Probability Puzzle Answered
Date Published: 23 September 2008
In a recent post, I described a Probability Puzzle that is actually known as the Monty Hall Problem. This is a fairly famous problem and has a long write-up on Wikipedia that is definitely worth reading to get a good understanding of the problem. Almost everyone fails to answer this problem correctly the first attempt, because it seems obvious that there is one prize behind one of the remaining two doors, and there is nothing constraining which door we might pick (the 2nd time), so it should be a fresh decision with a 50/50 chance of success.
In fact, the way to look at this problem is in reverse. With the initial choice of one door out of three, the odds of success were clearly 1/3. Said another way, the likelihood that a wrong choice was made was 2/3. Still another way to look at this is that the breakdown in odds is 1/3 assigned to the set of doors chosen (1 door) and 2/3 assigned to the set of doors not chosen (2 doors). When it is revealed that one of the unchosen doors is not the winner, this changes nothing about the likelihood that the door you originally picked is correct! Your set still only has 1/3 and the unchosen set (which now has only 1 door in it) still has a 2/3 chance of being correct. Thus, you definitely should switch doors, as it doubles the odds of winning the prize!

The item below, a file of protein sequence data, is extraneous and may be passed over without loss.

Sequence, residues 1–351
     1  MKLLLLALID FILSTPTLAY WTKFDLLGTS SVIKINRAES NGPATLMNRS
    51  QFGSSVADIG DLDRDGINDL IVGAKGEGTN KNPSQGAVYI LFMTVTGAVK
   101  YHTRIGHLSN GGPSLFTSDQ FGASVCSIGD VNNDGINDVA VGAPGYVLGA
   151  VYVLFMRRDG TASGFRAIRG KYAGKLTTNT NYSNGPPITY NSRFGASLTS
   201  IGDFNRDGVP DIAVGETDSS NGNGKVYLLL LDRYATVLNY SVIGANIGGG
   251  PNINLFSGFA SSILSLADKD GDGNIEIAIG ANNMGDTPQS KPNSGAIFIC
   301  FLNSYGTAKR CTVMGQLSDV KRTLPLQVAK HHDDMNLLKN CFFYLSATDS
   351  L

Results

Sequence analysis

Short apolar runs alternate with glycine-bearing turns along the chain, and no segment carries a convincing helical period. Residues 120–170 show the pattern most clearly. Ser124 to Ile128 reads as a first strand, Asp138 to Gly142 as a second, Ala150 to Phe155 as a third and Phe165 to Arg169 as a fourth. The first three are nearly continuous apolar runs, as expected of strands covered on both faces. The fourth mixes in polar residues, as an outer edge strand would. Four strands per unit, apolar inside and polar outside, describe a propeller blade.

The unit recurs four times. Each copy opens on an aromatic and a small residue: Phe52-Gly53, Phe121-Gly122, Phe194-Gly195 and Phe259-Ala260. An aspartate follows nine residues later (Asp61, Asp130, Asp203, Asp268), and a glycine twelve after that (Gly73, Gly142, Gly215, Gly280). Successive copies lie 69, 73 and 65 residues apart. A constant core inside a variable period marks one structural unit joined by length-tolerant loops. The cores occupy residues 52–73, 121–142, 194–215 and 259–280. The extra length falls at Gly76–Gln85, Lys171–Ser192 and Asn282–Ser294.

This result can easily be demonstrated with a bit of code, run a suitable number of times. Pick a number from 0 to 2 to be the door with the prize. Pick a number from 0 to 2 to be the contestant’s selection. Initial chance of success is 1 in 3. Now pick one of the other two doors and reveal it, but only if it is not the prize. You’ll find that it is the prize 1/3 of the time – these get thrown out as the problem has defined that a goat must be revealed. Now look at the number of times the contestant has the right door compared to the number of times the unselected door is correct, and you’ll see quite clearly that it’s twice as likely the unchosen door has the prize.
I have one more post on this subject for tomorrow, which twists this a little bit further. I suggest reading the full Wikipedia writeup before diving into that one.
Steve is an experienced software architect and trainer, focusing on code quality and Domain-Driven Design with .NET.